MEA Council focus on switch to electric vehicles
Mid and East Antrim Borough Council recently received a presentation from ESB ecars during a Climate Change Working Group meeting in September.
ESB ecars took over the operation and maintenance of electric car infrastructure in 2015.
They look after 300 charge points and 17 rapid charge points throughout NI. At present users get the electricity free but that will change in the near future. ESB ecars project that going forward more than 85% of electric car users will charge at home as batteries deliver a higher mileage range.
A government grant is now available for on-Street Residential Charging Scheme (ORCS), subject to demand and demonstrated need, which could give Councils the ability to seek 75% funding, up to £6,500, to install charging infrastructure in residential areas where drivers have little or no access to off-street parking.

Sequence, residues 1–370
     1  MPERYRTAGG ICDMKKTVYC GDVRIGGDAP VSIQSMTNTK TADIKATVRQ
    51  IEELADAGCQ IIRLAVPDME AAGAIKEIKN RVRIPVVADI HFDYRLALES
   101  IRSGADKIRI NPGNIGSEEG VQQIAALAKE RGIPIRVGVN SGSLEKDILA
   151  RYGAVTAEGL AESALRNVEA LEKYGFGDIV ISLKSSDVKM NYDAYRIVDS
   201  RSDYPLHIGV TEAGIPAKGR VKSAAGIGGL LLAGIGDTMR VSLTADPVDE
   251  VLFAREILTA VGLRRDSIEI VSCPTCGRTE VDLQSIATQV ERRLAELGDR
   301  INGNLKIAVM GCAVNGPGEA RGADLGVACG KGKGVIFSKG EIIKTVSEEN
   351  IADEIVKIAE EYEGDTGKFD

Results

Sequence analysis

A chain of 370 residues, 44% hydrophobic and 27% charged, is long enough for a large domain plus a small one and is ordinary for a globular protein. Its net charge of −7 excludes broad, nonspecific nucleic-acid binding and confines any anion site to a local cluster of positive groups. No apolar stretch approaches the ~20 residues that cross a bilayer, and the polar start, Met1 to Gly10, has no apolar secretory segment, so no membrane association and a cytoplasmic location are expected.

Alderman Billy Ashe MBE, who welcomed the points made in the presentation, said:
“We are in the early stages of an electric revolution in the transport sector, and connectivity is at its heart.
“The network of electric car charging points needs to continue to grow. We need to provide confidence to drivers without dedicated off-street parking so that they can charge at home.
“Lots of homes do not have off-street parking, so this funding is important to help our Council ensure that all residents can take advantage of this revolution.”
With calls to ban the sale of new petrol and diesel cars and vans from 2030, charging provision has been pushed to the forefront, especially in the Carrickfergus area where the charging infrastructure is very limited.
If you want more information on the grants available, please contact: